Buck vs. Bell was flawed in many ways. “Feeblemindeness” is no longer used in medical terminology; it was clearly a catch-all term that had virtually no clinical meaning. It is impossible to judge whether or not Carrie was “feebleminded” by the standards of her time, but she was not patently promiscuous. According to Carrie, Vivian’s conception was the result of Carrie’s rape by the nephew of her foster parents. She, probably like many unwed mothers of that time, was institutionalized to prevent further shame to the family. Just as clearly, Vivian was no imbecile. Vivian’s first grade report card from the Venable School in Charlottesville showed that this daughter of a supposed social degenerate got straight “As” in deportment (conduct) and even made the honor role in April, 1931. She died a year later of complications following a bout of the measles.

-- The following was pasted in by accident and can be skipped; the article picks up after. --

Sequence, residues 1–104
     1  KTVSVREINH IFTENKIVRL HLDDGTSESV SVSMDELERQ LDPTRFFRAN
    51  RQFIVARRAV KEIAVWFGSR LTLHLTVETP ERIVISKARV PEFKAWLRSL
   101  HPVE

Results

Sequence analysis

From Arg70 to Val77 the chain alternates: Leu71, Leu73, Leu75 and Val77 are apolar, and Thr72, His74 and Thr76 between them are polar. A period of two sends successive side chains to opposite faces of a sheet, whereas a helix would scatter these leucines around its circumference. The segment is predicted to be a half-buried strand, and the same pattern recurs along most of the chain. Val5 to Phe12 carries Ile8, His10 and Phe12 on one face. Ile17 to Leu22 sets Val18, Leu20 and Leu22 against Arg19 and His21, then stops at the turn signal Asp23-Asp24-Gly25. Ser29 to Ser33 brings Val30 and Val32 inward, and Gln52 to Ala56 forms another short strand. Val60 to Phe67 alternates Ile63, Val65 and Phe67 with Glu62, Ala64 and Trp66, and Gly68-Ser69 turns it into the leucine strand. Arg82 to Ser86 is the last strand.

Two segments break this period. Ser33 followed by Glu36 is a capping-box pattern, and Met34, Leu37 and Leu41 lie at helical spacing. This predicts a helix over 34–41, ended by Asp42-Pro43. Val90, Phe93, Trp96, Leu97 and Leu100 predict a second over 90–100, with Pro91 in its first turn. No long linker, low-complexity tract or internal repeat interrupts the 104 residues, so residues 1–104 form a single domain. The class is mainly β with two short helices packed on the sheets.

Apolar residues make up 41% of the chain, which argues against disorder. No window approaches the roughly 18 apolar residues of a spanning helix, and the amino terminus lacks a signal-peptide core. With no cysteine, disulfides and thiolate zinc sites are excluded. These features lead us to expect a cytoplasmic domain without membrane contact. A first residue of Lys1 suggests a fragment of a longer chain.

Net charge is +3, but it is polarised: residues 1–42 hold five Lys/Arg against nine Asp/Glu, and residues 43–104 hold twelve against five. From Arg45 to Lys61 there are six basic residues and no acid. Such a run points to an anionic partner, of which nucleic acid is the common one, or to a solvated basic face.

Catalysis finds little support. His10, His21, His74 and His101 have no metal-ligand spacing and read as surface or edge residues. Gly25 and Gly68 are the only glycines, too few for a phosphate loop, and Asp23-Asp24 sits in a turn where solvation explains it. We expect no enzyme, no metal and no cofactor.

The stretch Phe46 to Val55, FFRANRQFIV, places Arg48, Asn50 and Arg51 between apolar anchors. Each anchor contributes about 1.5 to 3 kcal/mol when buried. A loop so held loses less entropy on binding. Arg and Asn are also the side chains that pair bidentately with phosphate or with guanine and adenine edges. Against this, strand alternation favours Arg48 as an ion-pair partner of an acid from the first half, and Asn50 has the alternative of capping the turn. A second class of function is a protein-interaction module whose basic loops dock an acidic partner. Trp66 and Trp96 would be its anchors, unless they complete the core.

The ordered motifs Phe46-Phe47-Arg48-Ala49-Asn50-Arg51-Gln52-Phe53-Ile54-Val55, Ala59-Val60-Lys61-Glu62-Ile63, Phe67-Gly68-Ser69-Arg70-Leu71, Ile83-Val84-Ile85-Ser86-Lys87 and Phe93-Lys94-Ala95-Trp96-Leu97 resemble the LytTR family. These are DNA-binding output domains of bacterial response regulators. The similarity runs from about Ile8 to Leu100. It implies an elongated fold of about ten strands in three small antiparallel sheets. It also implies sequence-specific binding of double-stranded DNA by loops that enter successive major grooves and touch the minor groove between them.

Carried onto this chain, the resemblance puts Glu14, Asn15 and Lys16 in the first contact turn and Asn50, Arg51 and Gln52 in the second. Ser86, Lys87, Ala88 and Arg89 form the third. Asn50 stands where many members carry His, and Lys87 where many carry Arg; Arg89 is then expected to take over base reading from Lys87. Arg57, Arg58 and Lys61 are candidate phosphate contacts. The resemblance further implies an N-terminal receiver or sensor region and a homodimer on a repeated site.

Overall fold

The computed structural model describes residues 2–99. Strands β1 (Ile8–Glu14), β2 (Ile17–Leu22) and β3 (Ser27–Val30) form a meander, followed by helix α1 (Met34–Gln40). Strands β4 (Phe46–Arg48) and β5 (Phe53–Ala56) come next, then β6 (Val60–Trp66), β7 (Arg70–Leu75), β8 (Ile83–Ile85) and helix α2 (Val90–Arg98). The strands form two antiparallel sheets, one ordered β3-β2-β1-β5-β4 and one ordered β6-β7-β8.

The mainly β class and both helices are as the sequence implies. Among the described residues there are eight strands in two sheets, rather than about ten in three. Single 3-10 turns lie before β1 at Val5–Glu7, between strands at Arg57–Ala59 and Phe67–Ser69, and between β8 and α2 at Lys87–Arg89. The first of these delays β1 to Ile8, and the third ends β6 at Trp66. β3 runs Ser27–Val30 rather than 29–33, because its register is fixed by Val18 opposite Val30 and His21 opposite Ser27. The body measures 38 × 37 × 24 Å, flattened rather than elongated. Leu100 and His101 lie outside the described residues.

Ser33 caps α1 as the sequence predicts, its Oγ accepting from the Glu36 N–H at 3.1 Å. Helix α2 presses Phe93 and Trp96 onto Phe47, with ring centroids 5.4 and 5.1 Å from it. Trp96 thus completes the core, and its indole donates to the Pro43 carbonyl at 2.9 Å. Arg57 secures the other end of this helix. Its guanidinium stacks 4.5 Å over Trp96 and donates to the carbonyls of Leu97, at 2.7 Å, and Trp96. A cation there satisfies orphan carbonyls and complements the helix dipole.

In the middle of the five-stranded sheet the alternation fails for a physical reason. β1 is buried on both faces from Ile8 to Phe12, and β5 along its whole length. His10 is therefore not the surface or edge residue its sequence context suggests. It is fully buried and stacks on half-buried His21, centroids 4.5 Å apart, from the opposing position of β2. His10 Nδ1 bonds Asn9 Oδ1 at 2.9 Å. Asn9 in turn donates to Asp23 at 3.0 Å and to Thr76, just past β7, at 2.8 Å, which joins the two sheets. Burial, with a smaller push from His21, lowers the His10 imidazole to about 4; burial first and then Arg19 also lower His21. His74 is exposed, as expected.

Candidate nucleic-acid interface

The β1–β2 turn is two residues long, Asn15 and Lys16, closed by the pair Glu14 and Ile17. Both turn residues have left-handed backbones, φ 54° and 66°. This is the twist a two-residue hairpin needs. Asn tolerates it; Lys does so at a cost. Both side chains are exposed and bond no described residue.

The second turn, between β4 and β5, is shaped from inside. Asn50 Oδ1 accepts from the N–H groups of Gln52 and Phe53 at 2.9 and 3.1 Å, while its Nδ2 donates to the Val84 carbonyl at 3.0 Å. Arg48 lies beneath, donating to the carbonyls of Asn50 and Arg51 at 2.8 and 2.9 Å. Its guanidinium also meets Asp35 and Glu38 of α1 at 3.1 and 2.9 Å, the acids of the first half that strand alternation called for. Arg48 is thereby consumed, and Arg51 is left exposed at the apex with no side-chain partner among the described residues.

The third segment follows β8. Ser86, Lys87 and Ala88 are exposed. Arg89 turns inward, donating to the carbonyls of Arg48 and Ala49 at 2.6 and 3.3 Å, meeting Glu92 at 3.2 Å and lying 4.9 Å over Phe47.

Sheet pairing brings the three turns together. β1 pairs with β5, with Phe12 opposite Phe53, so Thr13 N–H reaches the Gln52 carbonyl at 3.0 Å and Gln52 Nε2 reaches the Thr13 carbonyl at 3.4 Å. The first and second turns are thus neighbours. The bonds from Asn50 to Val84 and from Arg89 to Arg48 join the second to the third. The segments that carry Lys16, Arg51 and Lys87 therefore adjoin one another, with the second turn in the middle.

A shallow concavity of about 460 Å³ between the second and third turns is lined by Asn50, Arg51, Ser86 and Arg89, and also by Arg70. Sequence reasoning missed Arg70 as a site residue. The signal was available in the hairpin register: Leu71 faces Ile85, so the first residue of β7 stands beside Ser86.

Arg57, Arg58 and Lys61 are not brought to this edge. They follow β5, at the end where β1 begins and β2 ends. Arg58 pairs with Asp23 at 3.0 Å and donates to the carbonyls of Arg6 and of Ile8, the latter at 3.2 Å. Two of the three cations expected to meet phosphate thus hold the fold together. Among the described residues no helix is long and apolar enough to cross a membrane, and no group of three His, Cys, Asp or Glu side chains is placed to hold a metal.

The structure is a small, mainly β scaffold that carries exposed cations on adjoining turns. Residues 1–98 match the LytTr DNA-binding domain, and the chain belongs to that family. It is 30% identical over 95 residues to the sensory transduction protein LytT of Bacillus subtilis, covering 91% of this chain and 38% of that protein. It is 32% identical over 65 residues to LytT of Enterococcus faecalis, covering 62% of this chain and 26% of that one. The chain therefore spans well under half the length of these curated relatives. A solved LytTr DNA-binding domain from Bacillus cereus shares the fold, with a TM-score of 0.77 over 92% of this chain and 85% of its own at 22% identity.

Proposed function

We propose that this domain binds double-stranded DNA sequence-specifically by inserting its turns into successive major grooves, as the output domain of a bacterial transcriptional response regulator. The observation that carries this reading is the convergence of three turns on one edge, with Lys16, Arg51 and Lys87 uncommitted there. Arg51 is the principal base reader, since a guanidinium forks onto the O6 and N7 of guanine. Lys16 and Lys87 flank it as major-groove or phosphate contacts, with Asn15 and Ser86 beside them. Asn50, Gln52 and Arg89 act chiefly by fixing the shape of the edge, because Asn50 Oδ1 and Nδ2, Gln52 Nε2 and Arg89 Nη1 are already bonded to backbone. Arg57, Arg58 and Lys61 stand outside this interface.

Remarkably, unlike other infamous Supreme Court rulings, Buck v. Bell has never been overturned:

In Skinner vs. Oklahoma (1942), the Supreme Court struck down a law allowing the involuntary sterilization of criminals. However, the Court never prohibited states from sterilizing non-criminals, despite later scholarship showing the falsity of eugenic “evidence” used in Buck vs. Bell. Sterilization of the allegedly mentally ill continued into the 1970s in several states, by which time about 60,000 Americans had been involuntarily sterilized. (Eugenics Archive website)